The second affidavit was from the president of Courtney Enterprises, which stated that Courtney had never been informed by Publix of the contamination that had occurred a few feet from its property, but found out from Lee County years after Publix discovered the problem. Publix had first learned of the problem in February 1991, when it found a 55-gallon drum of perc sitting outside the dry cleaners, and the surrounding area indicated leakage. Publix's delay in notification allowed the pollution to spread and also resulted in a useless petroleum contamination extraction system being installed on the Courtney property. Publix had never conducted any voluntary clean-up activities. The presence of the perc on Courtney's property greatly complicated the petroleum clean-up that was already underway, since “the existence of two different kinds of contamination on the property greatly increases the engineering and technical problems,” with a commensurate increase in costs. It is probably impossible with existing technology to clean up the site.

The trial court granted summary final judgment to Publix, holding that Publix was indeed entitled to a full immunity from suit under sections 376.3078(3) and (11). The court held that “if parties such as Publix meet the applicable requirements [of section 376.3078], as Publix has done, they shall obtain immunity against all other claims, including the claims of Courtney, and to hold otherwise would render the Dry Cleaning Solvent Cleanup Program toothless.” This appeal followed.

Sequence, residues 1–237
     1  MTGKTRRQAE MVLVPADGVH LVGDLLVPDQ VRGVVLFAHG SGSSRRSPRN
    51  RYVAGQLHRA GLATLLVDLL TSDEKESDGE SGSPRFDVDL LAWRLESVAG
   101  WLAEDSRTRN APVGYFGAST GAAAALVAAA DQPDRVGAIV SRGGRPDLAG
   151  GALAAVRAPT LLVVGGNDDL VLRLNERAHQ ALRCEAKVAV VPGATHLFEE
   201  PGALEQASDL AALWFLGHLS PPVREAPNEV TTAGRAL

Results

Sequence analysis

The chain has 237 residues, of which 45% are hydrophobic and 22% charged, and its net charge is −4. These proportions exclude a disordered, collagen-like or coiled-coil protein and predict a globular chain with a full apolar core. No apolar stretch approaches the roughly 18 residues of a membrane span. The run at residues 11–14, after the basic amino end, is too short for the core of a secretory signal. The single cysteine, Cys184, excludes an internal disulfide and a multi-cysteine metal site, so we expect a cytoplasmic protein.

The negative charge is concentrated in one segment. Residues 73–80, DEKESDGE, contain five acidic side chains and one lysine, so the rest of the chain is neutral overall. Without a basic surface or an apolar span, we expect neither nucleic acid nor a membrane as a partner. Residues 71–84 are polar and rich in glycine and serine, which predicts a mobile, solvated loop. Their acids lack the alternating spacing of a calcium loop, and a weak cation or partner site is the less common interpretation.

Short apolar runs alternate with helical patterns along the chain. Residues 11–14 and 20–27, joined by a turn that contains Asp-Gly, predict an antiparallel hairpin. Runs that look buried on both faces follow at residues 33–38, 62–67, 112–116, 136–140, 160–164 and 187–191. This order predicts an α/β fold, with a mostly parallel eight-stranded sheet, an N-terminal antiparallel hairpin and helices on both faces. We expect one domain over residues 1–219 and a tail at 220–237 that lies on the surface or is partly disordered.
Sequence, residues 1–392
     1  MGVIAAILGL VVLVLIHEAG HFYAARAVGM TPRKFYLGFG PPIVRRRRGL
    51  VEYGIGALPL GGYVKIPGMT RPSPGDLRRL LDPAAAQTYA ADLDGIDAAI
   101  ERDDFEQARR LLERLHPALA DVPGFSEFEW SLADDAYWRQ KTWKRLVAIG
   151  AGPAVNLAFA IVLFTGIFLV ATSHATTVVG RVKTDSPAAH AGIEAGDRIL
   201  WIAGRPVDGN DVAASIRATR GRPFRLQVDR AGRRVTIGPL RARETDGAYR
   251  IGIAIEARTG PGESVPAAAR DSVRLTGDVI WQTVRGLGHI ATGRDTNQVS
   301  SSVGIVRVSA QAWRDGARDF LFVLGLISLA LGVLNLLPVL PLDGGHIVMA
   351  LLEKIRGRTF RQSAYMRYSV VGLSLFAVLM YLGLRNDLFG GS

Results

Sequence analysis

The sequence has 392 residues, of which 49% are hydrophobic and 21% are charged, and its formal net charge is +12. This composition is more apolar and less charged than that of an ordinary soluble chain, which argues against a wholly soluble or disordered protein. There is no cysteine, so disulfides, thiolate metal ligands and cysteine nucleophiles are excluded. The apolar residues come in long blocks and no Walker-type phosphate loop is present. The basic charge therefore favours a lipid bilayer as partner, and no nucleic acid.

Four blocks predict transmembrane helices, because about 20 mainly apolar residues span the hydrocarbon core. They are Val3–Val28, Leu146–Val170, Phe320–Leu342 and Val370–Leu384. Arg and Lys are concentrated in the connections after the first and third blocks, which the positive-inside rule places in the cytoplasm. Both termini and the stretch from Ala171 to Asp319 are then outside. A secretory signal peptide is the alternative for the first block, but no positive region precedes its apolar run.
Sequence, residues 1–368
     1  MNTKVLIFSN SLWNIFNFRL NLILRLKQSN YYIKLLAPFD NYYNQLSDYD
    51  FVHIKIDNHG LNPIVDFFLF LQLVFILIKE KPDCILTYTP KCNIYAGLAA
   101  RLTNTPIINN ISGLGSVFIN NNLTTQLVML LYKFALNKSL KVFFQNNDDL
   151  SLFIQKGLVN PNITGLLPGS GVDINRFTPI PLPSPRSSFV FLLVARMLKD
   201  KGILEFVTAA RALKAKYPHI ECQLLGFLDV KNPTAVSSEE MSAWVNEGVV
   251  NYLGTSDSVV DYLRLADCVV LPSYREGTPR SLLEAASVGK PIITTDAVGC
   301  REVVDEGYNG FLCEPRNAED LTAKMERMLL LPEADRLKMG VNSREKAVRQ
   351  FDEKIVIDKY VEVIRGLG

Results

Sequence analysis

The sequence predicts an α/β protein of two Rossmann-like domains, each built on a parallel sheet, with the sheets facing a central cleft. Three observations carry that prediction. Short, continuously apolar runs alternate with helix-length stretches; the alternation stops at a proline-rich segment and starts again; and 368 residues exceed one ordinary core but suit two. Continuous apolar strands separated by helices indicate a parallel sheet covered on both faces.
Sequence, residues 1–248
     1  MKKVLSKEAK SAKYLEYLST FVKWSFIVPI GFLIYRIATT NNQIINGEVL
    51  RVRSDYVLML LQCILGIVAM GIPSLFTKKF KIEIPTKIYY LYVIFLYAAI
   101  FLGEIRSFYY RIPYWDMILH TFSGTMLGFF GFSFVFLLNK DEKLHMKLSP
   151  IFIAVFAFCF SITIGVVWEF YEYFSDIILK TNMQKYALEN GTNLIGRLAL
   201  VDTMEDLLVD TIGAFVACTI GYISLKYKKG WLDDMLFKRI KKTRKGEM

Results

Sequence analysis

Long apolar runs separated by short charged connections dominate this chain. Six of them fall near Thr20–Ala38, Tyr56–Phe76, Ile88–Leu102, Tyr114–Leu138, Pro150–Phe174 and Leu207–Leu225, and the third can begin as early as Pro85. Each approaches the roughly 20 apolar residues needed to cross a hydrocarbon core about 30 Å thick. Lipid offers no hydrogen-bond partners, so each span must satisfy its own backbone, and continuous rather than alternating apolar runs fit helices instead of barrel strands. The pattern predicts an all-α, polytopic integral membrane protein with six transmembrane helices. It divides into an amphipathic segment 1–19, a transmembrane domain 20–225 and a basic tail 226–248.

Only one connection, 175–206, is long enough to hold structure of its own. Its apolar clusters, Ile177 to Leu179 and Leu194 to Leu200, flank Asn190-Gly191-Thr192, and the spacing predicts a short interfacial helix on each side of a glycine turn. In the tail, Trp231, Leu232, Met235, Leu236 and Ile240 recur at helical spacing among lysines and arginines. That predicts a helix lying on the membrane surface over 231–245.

Even in the face of statutory immunity to prevent lawsuits for rehabilitation against owners who find and properly report to the state dry-cleaning chemical pollution on their property, the WQAA does not prohibit an adjoining landowner from pursuing a common law cause of action for diminution in the value of his land. Before the enactment of section 376.3078, this state recognized common law causes of action for a landowner whose land was damaged by pollution from an adjoining landowner. See, e.g., Davey Compressor Co. v. City of Delray Beach, 639 So.2d 595 (Fla.1994) (trespass, negligence, nuisance, and strict liability); Bunyak v. Clyde J. Yancey & Sons Dairy, Inc., 438 So.2d 891 (Fla. 2d DCA 1983) (strict liability, nuisance, and negligence); Windham v. Dep't of Transp., 476 So.2d 735 (Fla. 1st DCA 1985) (negligence, trespass, and nuisance). The plain language of the statutes simply does not justify the emasculation of common law causes of action against adjoining landowners for diminution in property value.